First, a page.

In the hotly contested Montgomery school board races, a slate of progressive candidates won, ousting two conservative incumbents, Joseph Barse and Carol Wallace. The outcome is certain to change the complexion of the board.

Yesterday's elections appeared to confirm Maryland's position as one of the most solidly Democratic--and liberal--states in the nation. With its strong labor unions and 3-to-1 Democratic registration, Maryland has been mostly inhospitable territory for Republicans, even rejecting Ronald Reagan in 1980.

While Pascal, 48, and Hogan, 54, were touted as the GOP candidates most likely to beat the odds, neither was able to pose a serious threat to either Hughes or Sarbanes, both of whom seemed to capture the voters' desire for honest and noncontroversial--if somewhat colorless--leadership.

Yesterday's overwhelming victory by Attorney General Stephen H. Sachs over an obscure challenger kept Sachs on schedule for an expected run for governor or senator in four years. The state's voters also returned Comptroller Louis L. Goldstein for a record seventh term.

Despite initial appraisals that both Hughes and Sarbanes were weak, the two Democrats organized campaigns earlier and were able to raise more money than either challenger.

In the governor's race, Hughes' march to a second term had a charmed quality to it. Having confounded the odds makers in 1978 by winning the fractious Democratic primary and then coasting to victory in the general election, Hughes, 55, had been transformed into the golden boy of Maryland politics. A lawyer from a small Eastern Shore town, Hughes first attracted statewide attention when he resigned as state secretary of transportation to protest the actions of then governor Marvin Mandel, who later was convicted of political corruption. That action and his surprise endorsement by the Baltimore Sun, propelled Hughes to a 1978 triumph. Hughes appears in polls today as the state's most popular politician, courted by the power brokers who shunned him just four years before.

Pascal publicly predicted two years ago that he would upset Hughes. But as recently as last summer he had no full-time campaign staff, little money and few issues with which to arouse an electorate that seemed content with a Democratic governor who made integrity his main theme.

Pascal's money problems became more acute as the campaign wore on because of wide publicity about disorganization in his campaign. In the last month, he put nearly $100,000 of his own money into the campaign but even that infusion was insufficient to pay for needed media exposure.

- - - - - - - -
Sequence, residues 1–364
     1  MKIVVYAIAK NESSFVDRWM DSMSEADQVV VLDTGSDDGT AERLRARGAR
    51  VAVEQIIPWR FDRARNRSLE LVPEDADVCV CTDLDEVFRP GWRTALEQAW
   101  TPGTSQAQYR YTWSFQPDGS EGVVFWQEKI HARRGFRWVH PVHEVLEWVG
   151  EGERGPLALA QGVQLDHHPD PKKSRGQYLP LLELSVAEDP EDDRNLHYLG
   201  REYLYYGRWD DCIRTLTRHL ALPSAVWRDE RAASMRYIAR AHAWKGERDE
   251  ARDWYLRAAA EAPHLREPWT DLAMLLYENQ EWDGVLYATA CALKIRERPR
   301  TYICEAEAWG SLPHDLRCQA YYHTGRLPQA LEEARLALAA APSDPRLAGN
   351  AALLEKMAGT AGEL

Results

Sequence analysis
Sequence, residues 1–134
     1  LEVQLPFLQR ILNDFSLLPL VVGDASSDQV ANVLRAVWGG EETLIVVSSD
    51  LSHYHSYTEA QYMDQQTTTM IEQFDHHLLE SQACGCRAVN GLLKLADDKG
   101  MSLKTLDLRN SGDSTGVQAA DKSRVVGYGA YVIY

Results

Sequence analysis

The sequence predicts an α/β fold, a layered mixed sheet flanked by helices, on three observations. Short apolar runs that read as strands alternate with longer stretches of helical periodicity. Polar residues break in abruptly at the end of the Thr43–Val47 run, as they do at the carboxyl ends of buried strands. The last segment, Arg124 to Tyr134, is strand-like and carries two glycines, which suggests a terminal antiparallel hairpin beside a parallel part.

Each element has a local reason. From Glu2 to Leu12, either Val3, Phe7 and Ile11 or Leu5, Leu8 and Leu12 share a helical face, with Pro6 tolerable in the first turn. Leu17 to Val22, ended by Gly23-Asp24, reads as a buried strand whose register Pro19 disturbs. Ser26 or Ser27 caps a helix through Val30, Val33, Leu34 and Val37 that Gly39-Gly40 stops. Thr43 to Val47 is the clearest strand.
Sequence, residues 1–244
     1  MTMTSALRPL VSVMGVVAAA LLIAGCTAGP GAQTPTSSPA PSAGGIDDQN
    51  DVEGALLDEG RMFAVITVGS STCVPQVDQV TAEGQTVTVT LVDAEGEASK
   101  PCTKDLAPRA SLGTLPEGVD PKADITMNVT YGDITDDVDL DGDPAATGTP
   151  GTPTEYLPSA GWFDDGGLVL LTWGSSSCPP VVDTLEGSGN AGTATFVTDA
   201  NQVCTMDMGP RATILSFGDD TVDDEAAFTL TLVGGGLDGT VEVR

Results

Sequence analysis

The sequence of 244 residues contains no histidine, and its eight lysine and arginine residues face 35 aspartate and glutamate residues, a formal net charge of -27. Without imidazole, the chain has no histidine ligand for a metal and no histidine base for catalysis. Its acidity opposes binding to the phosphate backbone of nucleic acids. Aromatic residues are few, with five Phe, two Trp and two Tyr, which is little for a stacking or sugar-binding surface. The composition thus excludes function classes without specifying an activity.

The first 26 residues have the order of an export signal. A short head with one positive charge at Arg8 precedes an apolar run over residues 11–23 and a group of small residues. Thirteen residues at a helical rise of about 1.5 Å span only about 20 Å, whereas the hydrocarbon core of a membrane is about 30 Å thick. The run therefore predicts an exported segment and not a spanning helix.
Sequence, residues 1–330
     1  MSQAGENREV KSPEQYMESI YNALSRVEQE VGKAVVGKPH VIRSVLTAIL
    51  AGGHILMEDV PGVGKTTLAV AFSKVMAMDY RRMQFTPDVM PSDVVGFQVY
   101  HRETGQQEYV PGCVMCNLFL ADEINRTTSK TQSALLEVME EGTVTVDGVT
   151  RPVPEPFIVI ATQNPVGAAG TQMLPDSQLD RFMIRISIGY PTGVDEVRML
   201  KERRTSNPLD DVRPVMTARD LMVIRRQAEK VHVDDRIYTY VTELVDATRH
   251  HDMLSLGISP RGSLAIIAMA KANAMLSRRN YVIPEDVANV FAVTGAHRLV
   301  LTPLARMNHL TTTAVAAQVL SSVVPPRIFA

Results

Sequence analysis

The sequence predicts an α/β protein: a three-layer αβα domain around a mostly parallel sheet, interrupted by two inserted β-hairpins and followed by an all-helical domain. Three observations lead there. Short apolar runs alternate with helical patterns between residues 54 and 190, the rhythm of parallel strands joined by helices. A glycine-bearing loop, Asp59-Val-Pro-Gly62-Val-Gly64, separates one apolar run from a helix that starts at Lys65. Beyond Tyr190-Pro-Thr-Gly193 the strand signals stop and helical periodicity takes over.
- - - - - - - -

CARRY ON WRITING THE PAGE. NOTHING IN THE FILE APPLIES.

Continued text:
The problems Hughes had--a prison policy that veered across the spectrum, indecisiveness on new taxes and an often stormy relationship with the legislature--evaporated in this last year of his term, well before the campaign began.

Hughes also ran a smart campaign that began more than a year ago with a conscious effort to raise his profile as a strong and decisive leader and to use the powers of his office to win media coverage and political support.

After a successful 1982 legislative session, Hughes' new image took hold. It was reinforced when the governor successfully convened an extraordinary session of the legislature late in the summer to grapple with federal cuts in unemployment benefits, a move that even Pascal conceded was a major political victory for Hughes.

From then on, Hughes was able to brush aside Pascal's charges that he was weak on crime, inaccessible and a weak leader.

The Senate race, a textbook liberal-conservative contest, became an equally lopsided race early on, even though the seat was targeted by the national GOP a year ago as one of its top priorities. But state GOP leaders were never enthusiastic about Hogan and, partly as a result, he was unable to raise the $1 million he targeted for his campaign.

Hogan, a staunch supporter of Reaganomics, also found lukewarm support at the White House, which he had hoped would send Reagan to Maryland and bolster fund-raising efforts. But top GOP strategists felt a presidential visit was risky because Sarbanes appeared likely to retain his seat in the face of high unemployment and federal budget cuts.

Sarbanes, like Hughes, also ran an effective campaign. Faced with NCPAC's expensive media assault, Sarbanes 15 months ago began to raise money among his traditional supporters: Labor unions, liberal Democrats and Greek-Americans. He also began criss-crossing Maryland then.